General Question

Jude's avatar

Could someone tell me what the name "Hua Bin" (Chinese) means?

Asked by Jude (32098points) November 16th, 2010

It was my niece’s name when she was in the orphanage. The nannies there gave it to her and I have always wondered if it meant anything.


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10 Answers

CaptainHarley's avatar

Do you have it in the original Chinese ideographs??


It’s kind of hard to translate, because when Chinese is phonetically spelled in English, it can mean different things. But I strongly suspect that “Hua” means “flower” in Chinese. As for “Bin”, I think it stands for “ice” or “snow”. So your niece’s name could mean “Snow Flower” in Chinese.

jlelandg's avatar

Mr. Shinyshoes, I was crafting a similar response but leaving much less certainty. Additionally, I think for a foreign family, Snow Flower is a perfect answer. Touchdown minus 1!


@mama_cakes Above are the Chinese characters for “flower” and “ice” respectively. These characters are also used in Japanese, and are worded “hana” and “setsu”.

The_Inquisitor's avatar

I agree with @MRSHINYSHOES, for the “hua” meaning flower.. but with uncertainty, I’ll have to argue that “bing” means ice, not “bin”.

angelzgurl's avatar

Chinese slang for “how have you been?”.

just kidding

jlelandg's avatar

@curiouscat with the numerous possibilities and with an untrained foreign ear having difficulty hearing an “ng” sound as opposed to a straight “n” I think Snow Flower is the best answer for this question (i.e. it has a feel good ending)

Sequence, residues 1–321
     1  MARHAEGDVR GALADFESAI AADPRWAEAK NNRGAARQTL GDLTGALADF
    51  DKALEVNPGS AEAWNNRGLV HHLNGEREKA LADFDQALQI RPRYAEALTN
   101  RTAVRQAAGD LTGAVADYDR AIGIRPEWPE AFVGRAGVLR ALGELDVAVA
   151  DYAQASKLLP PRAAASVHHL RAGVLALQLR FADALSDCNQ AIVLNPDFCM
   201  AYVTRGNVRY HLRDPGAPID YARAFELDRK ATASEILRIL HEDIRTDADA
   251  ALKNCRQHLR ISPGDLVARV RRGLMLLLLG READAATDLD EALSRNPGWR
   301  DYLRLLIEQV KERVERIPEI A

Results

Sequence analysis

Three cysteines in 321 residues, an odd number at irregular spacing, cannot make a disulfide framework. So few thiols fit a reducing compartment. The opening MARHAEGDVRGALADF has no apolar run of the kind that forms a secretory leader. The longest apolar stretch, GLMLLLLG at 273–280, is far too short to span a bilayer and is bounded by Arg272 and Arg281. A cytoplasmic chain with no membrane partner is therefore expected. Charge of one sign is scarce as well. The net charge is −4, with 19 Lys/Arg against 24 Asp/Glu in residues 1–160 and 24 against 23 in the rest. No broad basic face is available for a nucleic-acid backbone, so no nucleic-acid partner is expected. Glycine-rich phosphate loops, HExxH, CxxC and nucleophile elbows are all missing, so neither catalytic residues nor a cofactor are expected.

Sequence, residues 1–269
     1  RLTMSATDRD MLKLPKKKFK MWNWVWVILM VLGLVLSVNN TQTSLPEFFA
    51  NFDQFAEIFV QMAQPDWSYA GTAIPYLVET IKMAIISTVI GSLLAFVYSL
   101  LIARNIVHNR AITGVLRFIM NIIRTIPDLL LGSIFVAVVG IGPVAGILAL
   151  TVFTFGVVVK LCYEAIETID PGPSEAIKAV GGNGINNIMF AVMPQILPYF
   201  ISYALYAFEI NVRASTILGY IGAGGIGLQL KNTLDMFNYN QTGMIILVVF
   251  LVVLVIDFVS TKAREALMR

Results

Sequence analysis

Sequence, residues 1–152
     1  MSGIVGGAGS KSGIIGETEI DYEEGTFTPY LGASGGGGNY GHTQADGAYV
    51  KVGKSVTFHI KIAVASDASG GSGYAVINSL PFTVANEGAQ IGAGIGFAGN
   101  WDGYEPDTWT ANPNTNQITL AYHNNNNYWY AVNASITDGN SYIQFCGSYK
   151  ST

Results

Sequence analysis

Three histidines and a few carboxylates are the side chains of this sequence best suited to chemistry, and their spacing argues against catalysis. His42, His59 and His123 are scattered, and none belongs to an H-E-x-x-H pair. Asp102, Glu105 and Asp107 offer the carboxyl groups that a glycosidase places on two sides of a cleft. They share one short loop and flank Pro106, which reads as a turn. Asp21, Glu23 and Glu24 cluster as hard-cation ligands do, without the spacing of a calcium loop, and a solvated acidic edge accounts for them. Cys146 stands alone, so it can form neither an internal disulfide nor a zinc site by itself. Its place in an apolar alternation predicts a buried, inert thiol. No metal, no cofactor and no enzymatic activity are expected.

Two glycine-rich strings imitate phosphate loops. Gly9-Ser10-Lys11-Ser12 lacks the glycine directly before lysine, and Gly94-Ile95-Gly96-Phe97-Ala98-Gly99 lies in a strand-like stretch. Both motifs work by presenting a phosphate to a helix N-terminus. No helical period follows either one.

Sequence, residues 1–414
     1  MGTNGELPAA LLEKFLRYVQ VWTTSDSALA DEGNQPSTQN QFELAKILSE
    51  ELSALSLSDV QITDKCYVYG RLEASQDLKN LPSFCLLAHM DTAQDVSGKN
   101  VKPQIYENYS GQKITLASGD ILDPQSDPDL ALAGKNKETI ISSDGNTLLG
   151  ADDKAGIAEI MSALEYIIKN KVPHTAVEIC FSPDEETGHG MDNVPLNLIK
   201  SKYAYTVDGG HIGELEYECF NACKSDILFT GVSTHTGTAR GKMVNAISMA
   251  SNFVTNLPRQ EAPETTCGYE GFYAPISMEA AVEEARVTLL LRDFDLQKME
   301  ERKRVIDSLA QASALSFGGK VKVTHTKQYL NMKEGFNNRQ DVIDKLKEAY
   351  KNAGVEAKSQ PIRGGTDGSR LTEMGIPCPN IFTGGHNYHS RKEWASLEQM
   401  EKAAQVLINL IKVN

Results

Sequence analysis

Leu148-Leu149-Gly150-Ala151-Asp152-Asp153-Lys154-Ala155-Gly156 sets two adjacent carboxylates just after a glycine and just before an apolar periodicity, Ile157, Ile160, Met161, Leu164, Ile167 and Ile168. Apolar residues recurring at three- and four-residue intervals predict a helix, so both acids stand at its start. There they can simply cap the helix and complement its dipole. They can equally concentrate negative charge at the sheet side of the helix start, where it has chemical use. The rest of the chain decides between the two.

Kayak8's avatar

I would just add that the orphanage name is likely that given by the workers at the orphanage as it seems rare that parents drop kids off having named them in advance. This always worries me that the kids will later be told their name was “such and such” without understanding that it was a only temporary moniker until they got adopted.

lifeflame's avatar

Another possibility for hua instead of flower (花) is ” 華”
The root image is similar, the moment of “flowering” (you can see all the crosses in the ideogram as the hua tree in bloom), but it also has the nuance of being beautiful/illustrious or “related to China”.
Actually, it’s more probably 華 than 花. It’s rather rare to have hua (花) in your name – I personally don’t know of anyone with that character. It’s a but too simplistic a term for “flower” – people are generally more specific. For example, my grandmother is 少蘭, “young orchid”.
On the other hand, if they knew they were planning to give the kid a name that was easy for foreigners…

“Bin” also has the possibility of ”彬” – “of literary talent and simple style”

Seriously though, we have so many homophones in Chinese it’s really really difficult if you don’t know the character. So “snow flower” could be a good guess as any.

The_Inquisitor's avatar

@jlelandg, I see, good point.

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